Ruan James Shaker was born just a few days before Christmas 2016, four days shy of his due date. He came into the world after a straightforward water birth weighing a healthy 9lbs 6oz. Once home he continued to thrive and we felt unbelievably lucky to have him in our lives. His laid-back nature provided an overwhelming sense of calm. He brought a new dimension to our family, which we all (including his sister, Isla) benefited from. While I was pregnant we often talked about how much more chaotic our lives were bound to become with two children, but strangely the opposite was true. Ru centred us. He was a healthy, happy baby and a joy to be around. I know this might seem like mother’s love talking or rose-tinted glasses, but I often commented to Sasha (my husband) how much more relaxed and content I felt. Ru had brought something very special to our family. His big brown eyes seemed so much wiser than their age, and it was somehow reassuring to gaze into them.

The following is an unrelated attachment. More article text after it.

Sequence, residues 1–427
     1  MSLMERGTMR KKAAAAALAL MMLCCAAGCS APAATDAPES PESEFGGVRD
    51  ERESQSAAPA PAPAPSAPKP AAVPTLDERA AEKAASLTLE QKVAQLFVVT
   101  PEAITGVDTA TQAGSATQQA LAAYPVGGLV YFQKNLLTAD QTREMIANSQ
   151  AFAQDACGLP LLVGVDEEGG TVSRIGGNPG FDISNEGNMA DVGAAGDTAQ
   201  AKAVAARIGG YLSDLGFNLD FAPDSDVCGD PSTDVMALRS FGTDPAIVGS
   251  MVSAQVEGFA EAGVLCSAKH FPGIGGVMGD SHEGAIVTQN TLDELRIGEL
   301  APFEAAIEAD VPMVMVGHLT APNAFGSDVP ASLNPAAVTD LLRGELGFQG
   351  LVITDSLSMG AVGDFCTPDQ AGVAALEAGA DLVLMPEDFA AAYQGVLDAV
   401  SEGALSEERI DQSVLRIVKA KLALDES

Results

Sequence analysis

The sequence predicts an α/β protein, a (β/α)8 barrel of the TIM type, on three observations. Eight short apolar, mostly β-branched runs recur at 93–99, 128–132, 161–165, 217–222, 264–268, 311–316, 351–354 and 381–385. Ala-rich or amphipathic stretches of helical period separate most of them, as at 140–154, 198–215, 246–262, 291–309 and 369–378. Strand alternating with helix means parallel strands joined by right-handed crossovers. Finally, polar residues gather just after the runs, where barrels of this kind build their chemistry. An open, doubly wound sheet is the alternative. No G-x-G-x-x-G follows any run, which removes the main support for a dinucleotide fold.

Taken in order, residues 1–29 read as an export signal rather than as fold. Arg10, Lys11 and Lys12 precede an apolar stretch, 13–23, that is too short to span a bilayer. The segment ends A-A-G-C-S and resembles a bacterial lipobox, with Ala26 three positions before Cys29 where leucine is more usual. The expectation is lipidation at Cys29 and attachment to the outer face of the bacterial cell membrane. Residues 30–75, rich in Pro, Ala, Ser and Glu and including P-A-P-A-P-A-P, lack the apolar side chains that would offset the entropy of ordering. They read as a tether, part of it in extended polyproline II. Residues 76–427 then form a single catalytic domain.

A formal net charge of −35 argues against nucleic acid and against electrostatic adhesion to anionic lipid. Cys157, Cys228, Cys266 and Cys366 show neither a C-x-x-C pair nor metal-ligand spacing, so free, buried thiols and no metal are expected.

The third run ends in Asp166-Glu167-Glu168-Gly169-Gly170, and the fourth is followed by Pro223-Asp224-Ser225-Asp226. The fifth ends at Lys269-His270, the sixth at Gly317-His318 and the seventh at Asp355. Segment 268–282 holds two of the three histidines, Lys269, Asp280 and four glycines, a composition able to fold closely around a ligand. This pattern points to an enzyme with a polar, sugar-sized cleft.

Just six short months later came a date that will forever be etched in our families history. Friday 16th June, after three weeks of GP visits, health visitor appointments, out-of-hours doctor visits and trips to our local A&E, we were now in the Intensive Care Unit (PICU) at Great Ormond Street Hospital (GOSH). In the three short days we had been there Ru had already been intubated, had an MRI scan, had a PIC line inserted (for chemo drugs to be administered through) and had his biopsy operation. Already in his short cancer journey we had heard the words ‘this operation is extremely high-risk, we have only had 25 of this type in the history of GOSH’. The biopsy stage is usually relatively straightforward, but because of the location and size of Ru’s tumour the intubation and biopsy were going to bring their own set of problems. The anaesthetists and consultants could not predict how Ru’s airways would cope with intubation. However, there was no decision to be made – as without a biopsy there would be no diagnosis, and without diagnosis we wouldn’t know which beast we were facing. The operation went ahead and Ru surprised everyone by coping remarkably well with it all. At 7pm the following day we were taken into a meeting room to hear the results. Nothing could have prepared us for what we were about to hear. Not only did our beautiful Ru have a malignant tumour in his chest, but an extremely rare type of paediatric cancer with very little information available and a ‘dismal prognosis’. Cases of survival were in the vast minority.